OuterStage presents OUT-Words: Following the Fresh Fruit Festival’s 15th Anniversary: Let’s have a baby with John J. Enright

John J. Enright handed us a really cutting-edge 21st century comedy.
He looks at tradition -well- nontraditionally!

Beth and Carrie, an interracial couple …
want to have a mixed race baby …
so they use a white sperm donor …

But just as Beth is due to give birth, she reveals she secretly found a black donor.

Their fight is interrupted by the donor himself … that’s where their troubles really start!

We wanted ti get into the head of the man who thought this up!

John, great to have you with us, what inspires you as an artist?

What inspires me is anybody I see struggling to realize a worthwhile goal in the face of obstacles, the sort of everyday heroism that is all around us if we just stop and notice it.
I see that’s where some of your ideas for this play came from. 

I particularly admire people who persist. I’m like everybody else, I get discouraged often enough, and often I wonder whether the stuff I’m working on is truly worthwhile or not. It lifts my spirit when I see someone really push in a dogged way, because I think that’s how progress happens in this world. And that’s a lot of what drama is about – it’s about people pushing for things from each other – incompatible things, as a rule – which is what drives the conflict, and the scheming, and the debate. In romantic comedy, which I love, there is often a way to triumph over the apparent incompatibility, because, in the end, our conflicting wants are typically more compatible than we realize.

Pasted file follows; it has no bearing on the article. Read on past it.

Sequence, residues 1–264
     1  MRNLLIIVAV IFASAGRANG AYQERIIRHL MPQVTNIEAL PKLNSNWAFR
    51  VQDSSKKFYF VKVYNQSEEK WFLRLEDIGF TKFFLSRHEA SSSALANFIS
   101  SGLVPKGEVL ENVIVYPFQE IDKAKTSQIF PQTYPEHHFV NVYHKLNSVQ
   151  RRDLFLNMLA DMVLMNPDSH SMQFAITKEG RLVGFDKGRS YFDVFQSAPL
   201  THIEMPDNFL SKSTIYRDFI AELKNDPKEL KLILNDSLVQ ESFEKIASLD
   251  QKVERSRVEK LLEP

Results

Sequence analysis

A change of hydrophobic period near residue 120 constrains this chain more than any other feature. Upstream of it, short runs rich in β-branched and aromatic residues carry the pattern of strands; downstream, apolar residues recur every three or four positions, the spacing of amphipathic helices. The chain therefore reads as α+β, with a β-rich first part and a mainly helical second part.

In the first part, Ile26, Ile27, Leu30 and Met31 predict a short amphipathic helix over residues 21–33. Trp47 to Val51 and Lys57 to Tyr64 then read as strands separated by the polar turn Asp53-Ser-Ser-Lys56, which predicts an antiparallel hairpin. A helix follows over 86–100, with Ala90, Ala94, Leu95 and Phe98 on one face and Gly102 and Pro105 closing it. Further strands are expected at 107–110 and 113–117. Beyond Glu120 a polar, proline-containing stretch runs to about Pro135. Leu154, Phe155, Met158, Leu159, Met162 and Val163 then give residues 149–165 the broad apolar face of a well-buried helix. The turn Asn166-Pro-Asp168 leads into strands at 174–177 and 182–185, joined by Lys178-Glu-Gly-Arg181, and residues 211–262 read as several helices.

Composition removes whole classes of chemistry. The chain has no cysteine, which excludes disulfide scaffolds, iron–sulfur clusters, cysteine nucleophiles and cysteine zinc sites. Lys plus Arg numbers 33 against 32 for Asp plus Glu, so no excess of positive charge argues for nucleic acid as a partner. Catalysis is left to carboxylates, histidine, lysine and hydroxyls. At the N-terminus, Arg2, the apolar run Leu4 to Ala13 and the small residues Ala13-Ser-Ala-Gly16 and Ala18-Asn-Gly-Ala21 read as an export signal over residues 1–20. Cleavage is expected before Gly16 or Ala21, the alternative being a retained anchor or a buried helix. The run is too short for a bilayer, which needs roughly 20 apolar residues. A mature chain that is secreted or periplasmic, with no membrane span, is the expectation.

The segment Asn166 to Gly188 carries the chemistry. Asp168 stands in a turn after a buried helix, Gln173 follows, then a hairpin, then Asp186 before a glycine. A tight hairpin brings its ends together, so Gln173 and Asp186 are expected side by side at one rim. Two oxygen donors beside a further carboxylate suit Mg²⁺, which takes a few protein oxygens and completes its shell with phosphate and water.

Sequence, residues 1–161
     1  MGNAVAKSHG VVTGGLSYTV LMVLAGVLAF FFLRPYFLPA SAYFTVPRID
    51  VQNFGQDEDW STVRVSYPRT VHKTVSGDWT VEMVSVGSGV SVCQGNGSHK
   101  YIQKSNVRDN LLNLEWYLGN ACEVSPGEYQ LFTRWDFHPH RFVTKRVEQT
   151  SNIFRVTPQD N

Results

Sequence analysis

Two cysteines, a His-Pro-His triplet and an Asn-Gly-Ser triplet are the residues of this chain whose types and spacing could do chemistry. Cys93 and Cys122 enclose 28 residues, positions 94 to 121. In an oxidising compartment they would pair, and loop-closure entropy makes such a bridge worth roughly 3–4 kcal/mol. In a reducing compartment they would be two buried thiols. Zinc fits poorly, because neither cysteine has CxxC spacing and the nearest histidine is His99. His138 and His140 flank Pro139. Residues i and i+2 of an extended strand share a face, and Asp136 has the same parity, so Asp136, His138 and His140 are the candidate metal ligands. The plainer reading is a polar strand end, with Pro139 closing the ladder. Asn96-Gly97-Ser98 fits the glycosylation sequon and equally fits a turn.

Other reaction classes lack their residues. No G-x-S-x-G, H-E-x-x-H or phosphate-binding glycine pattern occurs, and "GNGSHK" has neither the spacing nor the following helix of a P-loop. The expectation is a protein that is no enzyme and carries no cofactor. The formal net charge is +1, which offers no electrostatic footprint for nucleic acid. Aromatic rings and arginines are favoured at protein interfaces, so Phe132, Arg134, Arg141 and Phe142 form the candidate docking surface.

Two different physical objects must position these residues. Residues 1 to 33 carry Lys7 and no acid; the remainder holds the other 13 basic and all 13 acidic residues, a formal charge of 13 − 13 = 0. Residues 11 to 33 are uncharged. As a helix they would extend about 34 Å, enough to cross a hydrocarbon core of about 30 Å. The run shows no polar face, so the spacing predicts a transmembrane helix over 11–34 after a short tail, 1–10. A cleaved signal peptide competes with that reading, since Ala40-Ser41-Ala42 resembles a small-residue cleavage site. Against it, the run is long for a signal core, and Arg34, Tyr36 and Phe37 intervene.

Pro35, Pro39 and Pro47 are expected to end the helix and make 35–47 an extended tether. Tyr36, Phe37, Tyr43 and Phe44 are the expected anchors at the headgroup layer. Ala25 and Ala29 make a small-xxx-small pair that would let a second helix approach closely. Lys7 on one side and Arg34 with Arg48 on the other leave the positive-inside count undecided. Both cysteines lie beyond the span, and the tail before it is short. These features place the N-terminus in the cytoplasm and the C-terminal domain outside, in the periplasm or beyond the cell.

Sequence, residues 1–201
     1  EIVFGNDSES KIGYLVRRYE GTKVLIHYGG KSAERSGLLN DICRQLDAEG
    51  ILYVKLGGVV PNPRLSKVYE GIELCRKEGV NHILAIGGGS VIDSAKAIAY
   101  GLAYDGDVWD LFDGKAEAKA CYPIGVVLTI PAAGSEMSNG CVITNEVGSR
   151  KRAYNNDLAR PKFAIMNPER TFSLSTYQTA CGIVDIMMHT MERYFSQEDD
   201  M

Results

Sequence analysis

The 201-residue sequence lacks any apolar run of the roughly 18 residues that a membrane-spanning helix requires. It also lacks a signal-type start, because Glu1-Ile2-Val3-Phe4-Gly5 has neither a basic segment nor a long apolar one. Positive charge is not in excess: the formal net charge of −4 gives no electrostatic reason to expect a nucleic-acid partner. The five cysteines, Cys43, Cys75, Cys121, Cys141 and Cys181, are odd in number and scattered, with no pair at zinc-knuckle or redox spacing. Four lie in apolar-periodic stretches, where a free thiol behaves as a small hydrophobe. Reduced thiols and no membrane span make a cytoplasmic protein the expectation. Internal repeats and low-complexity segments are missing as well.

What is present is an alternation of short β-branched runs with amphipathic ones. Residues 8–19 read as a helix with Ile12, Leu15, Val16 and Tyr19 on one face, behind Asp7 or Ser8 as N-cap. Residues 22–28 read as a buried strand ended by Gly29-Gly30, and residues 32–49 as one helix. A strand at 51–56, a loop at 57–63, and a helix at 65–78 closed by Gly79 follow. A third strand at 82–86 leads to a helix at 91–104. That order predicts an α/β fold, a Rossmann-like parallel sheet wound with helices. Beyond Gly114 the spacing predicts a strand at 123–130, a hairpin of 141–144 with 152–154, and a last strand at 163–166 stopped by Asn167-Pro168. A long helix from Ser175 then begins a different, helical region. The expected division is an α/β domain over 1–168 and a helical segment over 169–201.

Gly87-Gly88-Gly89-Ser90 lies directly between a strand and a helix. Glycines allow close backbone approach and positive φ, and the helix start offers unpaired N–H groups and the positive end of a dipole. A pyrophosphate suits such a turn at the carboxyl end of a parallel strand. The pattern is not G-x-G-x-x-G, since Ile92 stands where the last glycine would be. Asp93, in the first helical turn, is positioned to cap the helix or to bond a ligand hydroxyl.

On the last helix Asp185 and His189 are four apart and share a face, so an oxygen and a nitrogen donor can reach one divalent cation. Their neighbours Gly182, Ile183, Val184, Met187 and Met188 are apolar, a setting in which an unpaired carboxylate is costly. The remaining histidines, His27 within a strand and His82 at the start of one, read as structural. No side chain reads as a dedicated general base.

These three words usually get long answers: Why bring your play to independent theater?
I love the combination of freedom and talent that abounds in independent theater. If you want to do something a bit off-the-wall, you can afford to do it in independent theater. And the whole scene is full of creative people who are eager to work on something fresh. And, above all, you get these great indie audiences, people who delight in seeing something different on stage. I mean, don’t get me wrong, I love big productions too, so  if any Broadway producers happen to be reading this, and would like to produce one of my plays, I would be happy if they were to give me a call. But life is short and I want to see my plays on stage, not stuck in development, not sitting on desks waiting for a reading – I want to see them up and running in front of an audience. That’s the way you find out what really works. And when it does work, it’s just so satisfying, just such a rush of instant gratification, to hear a crowd sigh with sorrow or laugh with happiness, and to know that it’s your imaginary world that they are plugged into.

mixedpostimage (1)

ALL MIXED UP
BY JOHN J. ENRIGHT, DIRECTED BY ROB BELCHERE
FRIDAY 7/14, 5:30PM; SATURDAY 7/15, 4:30PM; SUNDAY 7/16, 8PM

Beth and Carrie agreed to have a mixed baby,
who would look like both of them.

But Beth changed her mind, 
and now the situation is all mixed up…

even if the baby isn’t

A comedy about love, betrayal, trust,

and the things that keep us apart.

Habi Coulibaly, as Beth
Ana Marie Calise, as Carrie
Jordan Fassina, as Ada
Andre Ozim, as Daniel

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